Survey: UK Public is Unaware of Female Scientists
August 27, 2010 9:48 AM
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Dorothy Hodgkin, who discovered the structure of insulin
Survey indicates a majority of the British population cannot name one female scientist
According to a recent poll by
, a public opinion researcher from England, two-thirds of British population (who participated in the survey)
cannot name even one
famous female scientist.
The Royal Society
, which is a fellowship of individuals who represent all areas of science, organized this survey. The poll showed that almost half of the participants were able to identify at least one male scientist while two-thirds could not name even one female scientist.
Furthermore, 90 percent of 18 to 24-year-olds could not name a current or historical female scientist. Lorna Casselton, Vice President of the Royal Society, said these results were "frustrating."
The number of those who were aware of
scientific figures in the poll were very low, with 18 percent who identified Dorothy Hodgkin as the creator of the structure of insulin, and only six percent who identified Jocelyn Bell Burnell as the scientist who played a role in the discovery of pulsar stars.
Other results were that 20 percent of 1,000 adults chose "Nobel prize-winning scientist" as the best role model for their daughters. These adults were given six role model choices to choose from, ranging from doctor to lawyer and pop star to athlete. Almost half chose "life-saving
" as their first choice.
"People are still unaware of the contribution made by women to science in the past, [but] overall I am encouraged by the findings of this poll," said Casselton. "They suggest public perceptions of women in science are changing. [We] want to encourage more girls (and their parents) to see science as an achievable and desirable career path. Most importantly, we want to encourage them to see science not only as a fulfilling career, but one that can change the world and contribute to our quality of life."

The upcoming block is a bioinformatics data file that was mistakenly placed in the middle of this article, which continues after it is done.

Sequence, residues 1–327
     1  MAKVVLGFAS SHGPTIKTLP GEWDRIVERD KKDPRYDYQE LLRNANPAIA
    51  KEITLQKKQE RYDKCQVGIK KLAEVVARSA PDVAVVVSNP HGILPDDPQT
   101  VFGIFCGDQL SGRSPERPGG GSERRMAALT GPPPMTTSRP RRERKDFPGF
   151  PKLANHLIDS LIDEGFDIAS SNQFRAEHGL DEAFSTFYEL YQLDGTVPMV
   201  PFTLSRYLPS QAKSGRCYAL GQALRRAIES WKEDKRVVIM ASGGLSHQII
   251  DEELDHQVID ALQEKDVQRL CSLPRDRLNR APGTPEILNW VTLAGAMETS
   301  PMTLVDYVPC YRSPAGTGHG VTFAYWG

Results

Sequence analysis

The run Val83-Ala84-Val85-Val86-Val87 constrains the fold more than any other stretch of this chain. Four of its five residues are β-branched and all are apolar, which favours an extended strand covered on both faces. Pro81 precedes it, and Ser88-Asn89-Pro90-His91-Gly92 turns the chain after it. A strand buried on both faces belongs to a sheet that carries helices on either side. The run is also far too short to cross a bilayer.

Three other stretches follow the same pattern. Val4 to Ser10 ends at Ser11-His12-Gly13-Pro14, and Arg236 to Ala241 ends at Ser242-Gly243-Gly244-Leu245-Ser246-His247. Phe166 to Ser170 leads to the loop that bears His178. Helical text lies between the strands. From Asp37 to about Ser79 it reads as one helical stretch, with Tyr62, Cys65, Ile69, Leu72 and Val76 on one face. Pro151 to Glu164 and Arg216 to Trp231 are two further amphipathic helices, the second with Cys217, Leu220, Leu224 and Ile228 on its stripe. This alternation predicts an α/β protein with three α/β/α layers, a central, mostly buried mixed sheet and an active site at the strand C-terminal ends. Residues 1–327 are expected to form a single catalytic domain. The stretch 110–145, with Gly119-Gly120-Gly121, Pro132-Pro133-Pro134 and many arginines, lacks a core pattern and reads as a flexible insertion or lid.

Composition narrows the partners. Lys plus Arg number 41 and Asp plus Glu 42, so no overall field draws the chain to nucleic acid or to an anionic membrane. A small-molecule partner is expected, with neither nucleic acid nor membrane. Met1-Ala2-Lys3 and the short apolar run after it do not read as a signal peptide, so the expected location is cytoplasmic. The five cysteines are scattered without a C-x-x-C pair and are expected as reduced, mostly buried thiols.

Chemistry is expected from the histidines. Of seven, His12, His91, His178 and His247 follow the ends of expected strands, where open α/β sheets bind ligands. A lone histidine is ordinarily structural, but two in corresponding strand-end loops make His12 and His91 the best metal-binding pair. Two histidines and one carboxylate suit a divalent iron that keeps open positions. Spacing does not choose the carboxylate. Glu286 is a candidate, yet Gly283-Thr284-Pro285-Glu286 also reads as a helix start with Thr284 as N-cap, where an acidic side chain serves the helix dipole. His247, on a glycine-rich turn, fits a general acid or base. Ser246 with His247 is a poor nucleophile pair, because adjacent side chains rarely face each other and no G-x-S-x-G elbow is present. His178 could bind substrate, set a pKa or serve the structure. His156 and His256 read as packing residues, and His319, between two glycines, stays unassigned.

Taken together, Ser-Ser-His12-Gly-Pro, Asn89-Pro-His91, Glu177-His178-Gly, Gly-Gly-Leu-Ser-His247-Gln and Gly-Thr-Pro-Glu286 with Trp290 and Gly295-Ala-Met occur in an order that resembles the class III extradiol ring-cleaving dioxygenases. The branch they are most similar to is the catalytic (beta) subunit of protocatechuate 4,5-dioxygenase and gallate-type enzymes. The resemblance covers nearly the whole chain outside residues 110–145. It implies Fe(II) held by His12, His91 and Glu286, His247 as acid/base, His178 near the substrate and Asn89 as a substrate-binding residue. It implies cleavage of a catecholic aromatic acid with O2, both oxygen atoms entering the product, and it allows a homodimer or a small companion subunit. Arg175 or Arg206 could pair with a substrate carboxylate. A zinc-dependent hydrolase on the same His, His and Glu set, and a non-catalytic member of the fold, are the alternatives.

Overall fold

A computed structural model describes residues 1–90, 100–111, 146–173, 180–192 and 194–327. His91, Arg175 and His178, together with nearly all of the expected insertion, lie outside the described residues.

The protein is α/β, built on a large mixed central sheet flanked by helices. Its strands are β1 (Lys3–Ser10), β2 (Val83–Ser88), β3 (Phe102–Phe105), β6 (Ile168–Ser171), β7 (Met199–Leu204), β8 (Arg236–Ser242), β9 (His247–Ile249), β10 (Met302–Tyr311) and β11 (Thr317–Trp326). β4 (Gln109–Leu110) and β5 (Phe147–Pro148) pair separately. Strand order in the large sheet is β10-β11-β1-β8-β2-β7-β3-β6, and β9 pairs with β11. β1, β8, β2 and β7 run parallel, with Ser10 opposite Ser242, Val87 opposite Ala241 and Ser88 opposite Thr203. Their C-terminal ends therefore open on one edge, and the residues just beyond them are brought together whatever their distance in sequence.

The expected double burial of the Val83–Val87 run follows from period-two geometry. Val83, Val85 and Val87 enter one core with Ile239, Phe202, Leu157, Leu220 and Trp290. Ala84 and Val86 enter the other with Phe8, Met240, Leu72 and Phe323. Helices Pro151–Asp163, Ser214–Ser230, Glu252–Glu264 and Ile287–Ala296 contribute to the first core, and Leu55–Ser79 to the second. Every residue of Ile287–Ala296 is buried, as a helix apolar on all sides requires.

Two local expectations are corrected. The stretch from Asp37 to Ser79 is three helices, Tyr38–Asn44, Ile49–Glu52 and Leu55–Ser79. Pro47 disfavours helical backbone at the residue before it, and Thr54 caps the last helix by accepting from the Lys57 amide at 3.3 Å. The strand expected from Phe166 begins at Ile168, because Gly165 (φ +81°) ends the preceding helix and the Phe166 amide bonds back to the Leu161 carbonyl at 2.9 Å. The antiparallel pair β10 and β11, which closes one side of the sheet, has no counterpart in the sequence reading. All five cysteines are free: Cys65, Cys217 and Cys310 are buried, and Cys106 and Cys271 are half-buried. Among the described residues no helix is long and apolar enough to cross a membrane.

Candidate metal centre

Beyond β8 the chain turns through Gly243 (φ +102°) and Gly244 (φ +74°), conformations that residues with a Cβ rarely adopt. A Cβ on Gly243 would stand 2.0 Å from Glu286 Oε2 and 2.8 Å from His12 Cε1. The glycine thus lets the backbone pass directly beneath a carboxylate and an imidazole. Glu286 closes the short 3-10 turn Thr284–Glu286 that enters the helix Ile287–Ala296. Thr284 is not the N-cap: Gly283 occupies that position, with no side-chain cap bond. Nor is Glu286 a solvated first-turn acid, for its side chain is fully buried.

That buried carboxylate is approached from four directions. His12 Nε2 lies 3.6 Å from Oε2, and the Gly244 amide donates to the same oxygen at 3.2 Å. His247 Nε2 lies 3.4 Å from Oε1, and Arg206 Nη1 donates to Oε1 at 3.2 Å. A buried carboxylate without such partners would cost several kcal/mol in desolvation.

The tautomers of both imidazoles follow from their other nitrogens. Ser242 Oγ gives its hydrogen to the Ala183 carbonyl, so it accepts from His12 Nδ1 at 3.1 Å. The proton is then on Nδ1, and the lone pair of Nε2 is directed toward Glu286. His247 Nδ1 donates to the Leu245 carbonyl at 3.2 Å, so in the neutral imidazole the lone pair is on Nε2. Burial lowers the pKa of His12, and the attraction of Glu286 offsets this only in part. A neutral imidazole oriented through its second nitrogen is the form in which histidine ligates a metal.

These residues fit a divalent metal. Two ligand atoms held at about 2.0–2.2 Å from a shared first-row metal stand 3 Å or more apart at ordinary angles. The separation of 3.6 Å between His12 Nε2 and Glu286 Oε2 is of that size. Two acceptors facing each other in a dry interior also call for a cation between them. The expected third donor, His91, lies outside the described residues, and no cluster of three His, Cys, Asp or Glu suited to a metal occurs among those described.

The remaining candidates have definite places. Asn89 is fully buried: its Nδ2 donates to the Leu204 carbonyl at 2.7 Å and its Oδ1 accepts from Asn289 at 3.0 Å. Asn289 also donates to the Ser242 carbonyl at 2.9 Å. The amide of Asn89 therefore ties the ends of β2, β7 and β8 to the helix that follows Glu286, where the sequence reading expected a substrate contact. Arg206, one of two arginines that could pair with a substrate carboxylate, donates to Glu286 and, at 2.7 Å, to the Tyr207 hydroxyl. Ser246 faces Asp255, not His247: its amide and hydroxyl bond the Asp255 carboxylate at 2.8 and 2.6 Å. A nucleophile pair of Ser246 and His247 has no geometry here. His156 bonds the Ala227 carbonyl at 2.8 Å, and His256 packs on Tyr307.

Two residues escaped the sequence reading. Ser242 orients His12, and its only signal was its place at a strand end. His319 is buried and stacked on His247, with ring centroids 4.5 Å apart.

In other news, the United States government is
encouraging Indian women
to enter science and technology-related fields by offering research fellowships and internships that could bring these women to the U.S. With support of the Indo-U.S. Science and Technology Forum, the U.S. embassy New Delhi created a one-day workshop about women in science where many young women in high school and above listened to female business leaders encourage them to "stick with science."
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RE: We're superficial
8/27/2010 1:25:24 PM
I think that it comes with the relative importance of their find/discovery/work. Marie Curie due to the importance of nuclear energy and atomic weapons. Another female scientist that comes to mind is Rosalind Franklin. Had she lived, she would have received a Nobel for the co-finding of structure of DNA. Without her, the mystery of DNA would have remained for at least a few more years. But I remember her because the structure of DNA is one of the most important discoveries of the 20th century. Sorry, but there aren't a lot of women involved in the truly great discoveries.
RE: We're superficial
8/28/2010 5:35:22 AM
Indeed, Franklin and Curie are the first I thought of too.
However I don't know the gender of about half the scientists I can name for sure though. I only know their last names.
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